With a one-and-done stint as vocalist for The Crown behind him, Jonas Stalhammar can now focus all his attention on endeavors closer to his Old School heart. Namely resurrected Swedeath legends God Macabre, and of course Bombs of Hades, his Death/Crust outlet since 2002. Although on album #3, that genre tag can be a bit misleading at times. Certainly not on opener “Fracture,” which is textbook D-beat-to-the bone Crust pudding, but you could almost Go-Go dance to “And Your Flesh Still Burns.” In fact, mental images of Austin Powers and his ’60s entourage flailing their arms downright prevent me from fully enjoying this track, not to mention keeping a straight face. In all fairness, the song isn’t really that goofy, and it isn’t Stalhammar’s fault that I’ve seen way too many stupid American comedies, but I much prefer the more straightfoward Crust assault of “Palace of Decay.” Meanwhile, “Omens” manages to invoke the spirit of mid-’80s Sodom, Slayer, and Onslaught with ease, and all in a ball-hair under two minutes. Unfortunately after this, Atomic Temples hits somewhat of a lull. Aside from a 40-second red-hot burst of Punkish intensity at the 3:32 mark, “Cadaverborn” is a bit of a bore. Then we have “Crawling Wind/The Tyrant Embryo,” which is four minutes of ambient noise with a baby crying, and then comes the title track… which is long. I mean looong. This song is so long, I was able to read Jon Konrath’s Surgical Steel review twice!! In truth, it’s not a bad song. Mid-paced Death and flashes of Speed Metal trade-off amidst a sea of solos until a gentle acoustic intermission provides a backdrop for introspection before the chaos resumes. I just don’t know if a 12-minute song on an irrefutably Punk/Death ‘n’ Roll-rooted album is ever the best idea. The quartet attempts to remedy the situation with a couple quick cuts to close the LP out. “Through the Pandemonium” is two minutes of speedy OSDM fury, while “The Last Gateway” is pure Motorhead worship. Then again, I suppose most Crust is.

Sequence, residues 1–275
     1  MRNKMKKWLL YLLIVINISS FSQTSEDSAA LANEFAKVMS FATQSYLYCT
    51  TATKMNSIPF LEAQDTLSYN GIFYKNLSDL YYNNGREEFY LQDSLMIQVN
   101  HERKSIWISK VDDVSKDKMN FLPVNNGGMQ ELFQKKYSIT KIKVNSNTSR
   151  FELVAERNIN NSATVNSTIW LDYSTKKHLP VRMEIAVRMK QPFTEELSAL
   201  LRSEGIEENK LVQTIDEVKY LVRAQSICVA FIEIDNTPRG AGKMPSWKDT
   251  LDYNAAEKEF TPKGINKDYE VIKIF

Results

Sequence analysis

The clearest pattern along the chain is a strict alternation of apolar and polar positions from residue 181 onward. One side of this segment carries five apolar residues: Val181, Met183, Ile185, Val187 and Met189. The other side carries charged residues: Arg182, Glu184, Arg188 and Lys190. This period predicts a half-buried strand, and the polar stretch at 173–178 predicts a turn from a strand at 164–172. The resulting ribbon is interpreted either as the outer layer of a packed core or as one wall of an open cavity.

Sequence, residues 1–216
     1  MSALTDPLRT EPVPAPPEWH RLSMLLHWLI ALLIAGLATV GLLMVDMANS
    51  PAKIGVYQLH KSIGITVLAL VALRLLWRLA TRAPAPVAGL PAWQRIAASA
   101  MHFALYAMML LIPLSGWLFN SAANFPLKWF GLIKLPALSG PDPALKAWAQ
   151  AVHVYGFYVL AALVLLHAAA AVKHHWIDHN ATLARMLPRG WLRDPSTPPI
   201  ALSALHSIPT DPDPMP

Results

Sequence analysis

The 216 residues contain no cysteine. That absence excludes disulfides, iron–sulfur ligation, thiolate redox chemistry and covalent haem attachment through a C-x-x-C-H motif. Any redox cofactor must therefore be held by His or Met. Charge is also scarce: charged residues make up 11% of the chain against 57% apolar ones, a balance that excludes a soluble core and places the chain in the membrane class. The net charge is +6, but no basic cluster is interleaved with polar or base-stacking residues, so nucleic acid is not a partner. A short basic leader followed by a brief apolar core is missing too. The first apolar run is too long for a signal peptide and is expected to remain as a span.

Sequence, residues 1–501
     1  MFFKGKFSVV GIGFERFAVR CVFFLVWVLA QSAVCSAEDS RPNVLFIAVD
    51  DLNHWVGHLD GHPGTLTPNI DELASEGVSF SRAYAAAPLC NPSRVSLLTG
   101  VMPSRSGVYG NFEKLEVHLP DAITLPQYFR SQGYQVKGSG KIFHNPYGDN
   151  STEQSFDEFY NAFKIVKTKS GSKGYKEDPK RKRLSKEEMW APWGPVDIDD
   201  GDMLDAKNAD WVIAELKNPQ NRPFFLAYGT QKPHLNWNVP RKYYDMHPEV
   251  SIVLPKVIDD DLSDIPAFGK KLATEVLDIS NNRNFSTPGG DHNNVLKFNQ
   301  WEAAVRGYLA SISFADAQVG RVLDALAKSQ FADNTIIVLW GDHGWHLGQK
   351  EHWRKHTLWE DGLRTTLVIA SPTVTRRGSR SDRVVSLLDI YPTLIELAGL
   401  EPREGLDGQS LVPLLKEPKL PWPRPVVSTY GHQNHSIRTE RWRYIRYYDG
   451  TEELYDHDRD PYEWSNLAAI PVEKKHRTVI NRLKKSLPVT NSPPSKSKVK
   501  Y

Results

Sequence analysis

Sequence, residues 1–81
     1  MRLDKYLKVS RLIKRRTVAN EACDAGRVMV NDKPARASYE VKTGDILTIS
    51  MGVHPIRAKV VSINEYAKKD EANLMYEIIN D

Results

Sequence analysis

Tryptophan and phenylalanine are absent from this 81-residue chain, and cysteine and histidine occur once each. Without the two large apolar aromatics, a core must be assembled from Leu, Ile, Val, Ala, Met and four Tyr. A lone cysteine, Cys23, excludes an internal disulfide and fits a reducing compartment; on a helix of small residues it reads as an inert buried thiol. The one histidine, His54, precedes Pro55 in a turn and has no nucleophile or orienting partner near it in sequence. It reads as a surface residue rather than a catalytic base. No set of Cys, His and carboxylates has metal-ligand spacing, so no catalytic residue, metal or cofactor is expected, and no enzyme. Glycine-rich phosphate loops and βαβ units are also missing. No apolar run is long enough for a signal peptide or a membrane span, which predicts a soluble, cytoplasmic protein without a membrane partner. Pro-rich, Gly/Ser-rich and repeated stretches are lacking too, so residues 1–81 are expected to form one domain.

In summary, this multi-headed dragon of an album is far more adventurous than 2012’s The Serpent’s Redemption, though not quite as consistent. At the end of the day, I’ve got a pretty fucking awesome 5-song/14-minute EPs worth of material to work with here, and all I’m really doing with my life is making mixtapes anyway.
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